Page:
Mo. bill restores open-records exemptions
Originally published May 17, 2013 at 4:11 p.m., updated May 17, 2013 at 4:44 p.m.
JEFFERSON CITY, Mo. (AP) — Security plans for public buildings would be shielded from requests made under the state's open records law under legislation sent to Gov. Jay Nixon on Friday.
Nixon had called for renewing the Sunshine Law's security exemptions during December news conferences with numerous law enforcement officials. He said sensitive documents do not belong in the public domain, noting that people do not give their house keys or alarm codes to burglars.
The bill, approved without any "no" votes by the House and Senate on Friday, would permanently reinstate two security-related Sunshine Law exemptions that expired at the end of 2012.
One covered operational guidelines and policies developed by law enforcement, public safety, first response or public health authorities for preventing and responding to terrorism incidents. Another dealt with security systems and structural plans for property owned or leased by a government agency. It included information submitted by private entities for governmental agencies to develop plans for protecting infrastructure.
"It is critical that we keep those security records closed," said Sen. Mike Kehoe, R-Jefferson City, who handled the legislation in the Senate. "We will keep those security records confidential for the safety of our students."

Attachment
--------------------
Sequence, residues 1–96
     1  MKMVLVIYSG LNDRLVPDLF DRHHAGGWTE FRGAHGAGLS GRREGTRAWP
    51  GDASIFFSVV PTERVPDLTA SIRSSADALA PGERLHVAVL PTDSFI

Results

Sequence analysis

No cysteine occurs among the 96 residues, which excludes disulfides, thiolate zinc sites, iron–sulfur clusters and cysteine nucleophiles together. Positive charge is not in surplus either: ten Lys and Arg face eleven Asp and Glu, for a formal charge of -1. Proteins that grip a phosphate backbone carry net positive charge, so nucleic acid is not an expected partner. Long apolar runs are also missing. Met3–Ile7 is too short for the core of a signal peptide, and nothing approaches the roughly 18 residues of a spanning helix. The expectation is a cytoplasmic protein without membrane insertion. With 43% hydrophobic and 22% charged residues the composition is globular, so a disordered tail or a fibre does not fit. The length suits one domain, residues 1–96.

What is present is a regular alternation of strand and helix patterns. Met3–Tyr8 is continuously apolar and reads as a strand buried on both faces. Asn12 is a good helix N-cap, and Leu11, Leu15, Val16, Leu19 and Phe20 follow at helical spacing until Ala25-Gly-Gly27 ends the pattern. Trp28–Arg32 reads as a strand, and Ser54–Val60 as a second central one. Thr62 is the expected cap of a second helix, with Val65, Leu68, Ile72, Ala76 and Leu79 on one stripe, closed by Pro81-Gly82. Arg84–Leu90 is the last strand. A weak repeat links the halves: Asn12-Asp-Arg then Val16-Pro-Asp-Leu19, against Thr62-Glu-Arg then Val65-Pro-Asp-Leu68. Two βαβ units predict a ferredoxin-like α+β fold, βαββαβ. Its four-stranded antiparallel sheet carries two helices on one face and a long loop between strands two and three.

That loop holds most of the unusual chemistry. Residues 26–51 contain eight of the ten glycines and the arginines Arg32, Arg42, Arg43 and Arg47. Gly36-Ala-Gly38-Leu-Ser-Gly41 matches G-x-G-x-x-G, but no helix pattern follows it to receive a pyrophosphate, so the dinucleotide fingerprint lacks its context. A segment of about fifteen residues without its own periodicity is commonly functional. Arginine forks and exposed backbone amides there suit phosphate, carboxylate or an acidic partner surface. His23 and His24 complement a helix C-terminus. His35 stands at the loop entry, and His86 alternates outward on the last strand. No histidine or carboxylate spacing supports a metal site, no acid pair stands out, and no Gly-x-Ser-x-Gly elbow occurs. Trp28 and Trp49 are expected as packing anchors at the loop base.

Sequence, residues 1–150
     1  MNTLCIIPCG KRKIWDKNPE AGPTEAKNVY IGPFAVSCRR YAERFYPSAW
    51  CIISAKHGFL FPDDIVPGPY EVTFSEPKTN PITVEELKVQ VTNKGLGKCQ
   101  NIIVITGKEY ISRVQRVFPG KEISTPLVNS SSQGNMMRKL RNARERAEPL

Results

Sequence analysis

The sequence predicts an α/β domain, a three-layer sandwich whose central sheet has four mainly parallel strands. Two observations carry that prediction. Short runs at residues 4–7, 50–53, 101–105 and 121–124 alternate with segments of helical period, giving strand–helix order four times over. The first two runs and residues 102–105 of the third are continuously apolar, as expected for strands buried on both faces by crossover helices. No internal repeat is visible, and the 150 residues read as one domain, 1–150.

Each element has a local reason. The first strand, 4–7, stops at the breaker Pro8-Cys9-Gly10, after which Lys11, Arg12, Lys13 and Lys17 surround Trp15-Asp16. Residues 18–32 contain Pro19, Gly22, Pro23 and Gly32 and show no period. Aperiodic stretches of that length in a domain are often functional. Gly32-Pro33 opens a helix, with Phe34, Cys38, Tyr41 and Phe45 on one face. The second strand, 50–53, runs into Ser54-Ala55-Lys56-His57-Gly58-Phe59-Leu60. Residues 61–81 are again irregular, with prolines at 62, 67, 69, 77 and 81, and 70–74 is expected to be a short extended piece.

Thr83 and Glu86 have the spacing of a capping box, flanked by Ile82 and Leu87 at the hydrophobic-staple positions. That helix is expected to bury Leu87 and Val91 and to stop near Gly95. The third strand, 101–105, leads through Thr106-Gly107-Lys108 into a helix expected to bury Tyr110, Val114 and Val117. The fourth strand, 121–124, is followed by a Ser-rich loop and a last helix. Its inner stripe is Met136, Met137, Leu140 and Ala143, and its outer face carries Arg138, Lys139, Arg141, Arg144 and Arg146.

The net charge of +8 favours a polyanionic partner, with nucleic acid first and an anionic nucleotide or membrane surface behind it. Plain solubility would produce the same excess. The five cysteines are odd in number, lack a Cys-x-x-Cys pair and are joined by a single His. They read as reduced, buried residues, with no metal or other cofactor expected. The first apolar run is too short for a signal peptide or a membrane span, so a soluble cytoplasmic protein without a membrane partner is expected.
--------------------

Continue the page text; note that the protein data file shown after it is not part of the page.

The Missouri School Boards Association said it knows of five records requests made so far for security-related records previously covered by the exemptions. Access to a local government's financial records when it comes to security spending would still be allowed.
Some lawmakers saw reinstating the expired exemptions as an opportunity to strengthen the existing open-records law.
Provisions in a different version of the bill approved by the Senate were neither adopted by the House nor included in the measure sent to the governor Friday. Those would have required government bodies to post public meeting notices 48 hours in advance. Currently, government entities need to provide only 24-hours' notice.
That bill also would have reduced fines for Sunshine Law violations from up to $1,000 to $100 but no longer require that violations be committed with knowledge the law was not being followed. The government would also shoulder the burden of proving a meeting, record or vote should be closed to the public — a burden that currently is on the public.
Organizations representing cities and counties raised concerns about those provisions. They argued mandating additional notice before meetings could pose administrative challenges and raised questions about fines for unintended Sunshine Law violations.
The measure sent to Nixon would also make clear that flight logs of state-owned airplanes are also subject to open-records requests.
Open records is HB256
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